WASHINGTON, January 14 — The federal government pays twice as much for the same prescription drugs when reimbursing private-sector middlemen in Medicare Part D as it does when buying the drugs directly through the Department of Veterans Affairs (VA) single-payer drug plan, according to a report released today by the Government Accountability Office (GAO).
The report, “Department of Veterans Affairs Paid About Half as Much as Medicare Part D for Selected Drugs in 2017,” commissioned by Sen. Bernie Sanders (I-Vt.), found that in 2017, on average, the VA paid 54 percent less per unit for a sample of 399 brand name and generic prescription drugs in 2017 than Medicare Part D.
Of the 399 drugs, 233 were at least 50 percent cheaper when purchased by the VA rather than Medicare Part D, and 106 were at least 75 percent cheaper. Moreover, according to GAO, VA generally uses less-expensive alternatives. For generic drugs, VA paid, on average, 48 percent less than did Medicare for the same drugs. For brand name drugs, VA paid 49 percent less.
“There is absolutely no reason, other than greed, for Medicare to pay twice as much for the same exact prescription drugs as the VA. If the VA can negotiate with the pharmaceutical companies to substantially reduce the price of prescription drugs we must empower Medicare to do so as well,” said Sanders. “We can no longer allow the pharmaceutical industry to rip-off the more than 40 million people who receive prescription drug coverage through Medicare Part D and fleece U.S. taxpayers. It is time for Congress to require Medicare to negotiate lower drug prices and take on the greed pharmaceutical industry.”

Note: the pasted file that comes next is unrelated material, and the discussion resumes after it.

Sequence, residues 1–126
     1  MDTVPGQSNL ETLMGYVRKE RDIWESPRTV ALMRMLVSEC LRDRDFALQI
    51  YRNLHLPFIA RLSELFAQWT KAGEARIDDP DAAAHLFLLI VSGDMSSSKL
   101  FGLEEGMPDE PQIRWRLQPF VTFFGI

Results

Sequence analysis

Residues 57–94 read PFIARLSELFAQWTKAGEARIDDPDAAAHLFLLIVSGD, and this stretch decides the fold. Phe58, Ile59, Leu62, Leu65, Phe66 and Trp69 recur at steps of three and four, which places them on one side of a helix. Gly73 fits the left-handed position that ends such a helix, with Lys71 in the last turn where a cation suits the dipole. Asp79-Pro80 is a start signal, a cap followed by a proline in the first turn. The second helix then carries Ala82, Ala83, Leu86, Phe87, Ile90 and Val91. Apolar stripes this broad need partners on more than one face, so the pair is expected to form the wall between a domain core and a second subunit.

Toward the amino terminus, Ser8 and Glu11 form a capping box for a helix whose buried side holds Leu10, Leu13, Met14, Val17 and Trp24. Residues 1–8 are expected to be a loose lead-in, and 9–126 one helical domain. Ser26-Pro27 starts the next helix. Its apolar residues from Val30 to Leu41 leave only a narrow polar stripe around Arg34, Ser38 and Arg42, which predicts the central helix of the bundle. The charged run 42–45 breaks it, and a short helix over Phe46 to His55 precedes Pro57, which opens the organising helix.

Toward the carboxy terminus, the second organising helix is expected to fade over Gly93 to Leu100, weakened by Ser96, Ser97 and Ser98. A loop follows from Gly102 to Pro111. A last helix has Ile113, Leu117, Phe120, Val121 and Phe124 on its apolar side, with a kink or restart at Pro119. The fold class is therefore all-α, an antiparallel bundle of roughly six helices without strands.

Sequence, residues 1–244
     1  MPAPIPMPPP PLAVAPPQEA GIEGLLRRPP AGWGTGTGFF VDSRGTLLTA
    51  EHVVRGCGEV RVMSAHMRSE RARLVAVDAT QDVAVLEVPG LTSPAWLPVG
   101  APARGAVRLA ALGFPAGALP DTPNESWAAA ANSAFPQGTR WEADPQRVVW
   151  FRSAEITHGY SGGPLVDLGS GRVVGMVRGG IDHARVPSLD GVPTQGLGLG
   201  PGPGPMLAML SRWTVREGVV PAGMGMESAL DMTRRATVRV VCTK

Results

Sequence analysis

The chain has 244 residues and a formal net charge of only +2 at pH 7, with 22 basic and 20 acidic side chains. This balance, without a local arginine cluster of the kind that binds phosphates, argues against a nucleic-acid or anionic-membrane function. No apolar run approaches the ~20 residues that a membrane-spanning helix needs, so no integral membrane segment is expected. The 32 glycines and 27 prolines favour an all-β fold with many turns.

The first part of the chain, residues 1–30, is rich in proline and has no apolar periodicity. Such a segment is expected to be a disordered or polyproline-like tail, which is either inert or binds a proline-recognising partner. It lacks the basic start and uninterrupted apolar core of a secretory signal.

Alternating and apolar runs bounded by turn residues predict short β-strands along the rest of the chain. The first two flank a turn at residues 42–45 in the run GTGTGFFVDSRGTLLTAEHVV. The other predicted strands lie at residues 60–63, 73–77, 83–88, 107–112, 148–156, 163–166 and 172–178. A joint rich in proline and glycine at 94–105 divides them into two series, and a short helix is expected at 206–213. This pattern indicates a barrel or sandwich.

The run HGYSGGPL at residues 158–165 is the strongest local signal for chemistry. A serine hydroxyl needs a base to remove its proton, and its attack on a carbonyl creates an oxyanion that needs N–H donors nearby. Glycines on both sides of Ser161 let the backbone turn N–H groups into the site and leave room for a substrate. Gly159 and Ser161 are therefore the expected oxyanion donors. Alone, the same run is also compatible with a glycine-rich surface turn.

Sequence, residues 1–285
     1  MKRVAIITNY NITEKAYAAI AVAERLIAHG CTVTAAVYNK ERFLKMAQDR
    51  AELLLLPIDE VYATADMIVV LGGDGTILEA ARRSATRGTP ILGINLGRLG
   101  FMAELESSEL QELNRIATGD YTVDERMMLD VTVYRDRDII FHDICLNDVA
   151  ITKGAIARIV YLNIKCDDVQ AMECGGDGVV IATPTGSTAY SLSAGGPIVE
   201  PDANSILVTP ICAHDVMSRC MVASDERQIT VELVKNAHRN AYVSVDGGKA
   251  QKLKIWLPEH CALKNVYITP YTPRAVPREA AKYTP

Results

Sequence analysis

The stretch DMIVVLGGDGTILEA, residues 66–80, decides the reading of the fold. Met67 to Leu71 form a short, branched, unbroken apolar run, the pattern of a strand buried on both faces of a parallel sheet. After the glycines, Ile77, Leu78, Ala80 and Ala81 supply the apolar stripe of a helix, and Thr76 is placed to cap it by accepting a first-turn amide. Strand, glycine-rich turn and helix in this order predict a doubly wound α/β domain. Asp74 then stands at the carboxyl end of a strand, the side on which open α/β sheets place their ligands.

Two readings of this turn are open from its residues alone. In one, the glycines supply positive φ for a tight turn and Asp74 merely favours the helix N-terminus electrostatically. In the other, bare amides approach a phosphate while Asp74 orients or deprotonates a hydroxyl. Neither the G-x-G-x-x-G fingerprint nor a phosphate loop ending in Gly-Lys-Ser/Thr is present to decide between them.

In 2017, Medicare Part D covered 42.5 million individuals and had an estimated $93.9 billion in expenditures, while the much-smaller VA provided prescription drug coverage for approximately 9 million enrolled veterans and spent about $4.8 billion for prescription drugs in outpatient care.
The report identified several reasons for the large price disparity. Among them:
– VA is a single health system with a unified list of covered drugs, whereas Medicare beneficiaries are covered by many different Part D plans, each of which separately negotiates with manufacturers. In December 2017, the largest plan had approximately 5.6 million enrollees, while most were much smaller; meanwhile, VA’s single, unified plan represented 9 million individuals. This led GAO to conclude, “VA’s large purchasing volume may strengthen its bargaining position when negotiating.”
– VA has access to statutory discounts on its drug purchases, which are not available to Part D plans. These include additional discounts if drug prices rise faster than general inflation, as is often the case. In contrast, the law establishing Medicare Part D explicitly prohibits the Department of Health and Human Services from negotiating drug prices on behalf of Part D plans.
In the last Congress, Sen. Sanders sponsored S.99, the Medicare Drug Price Negotiation Act, which directs the Secretary of Health and Human Services to negotiate drug prices on behalf of Medicare Part D plans.
Read the report here.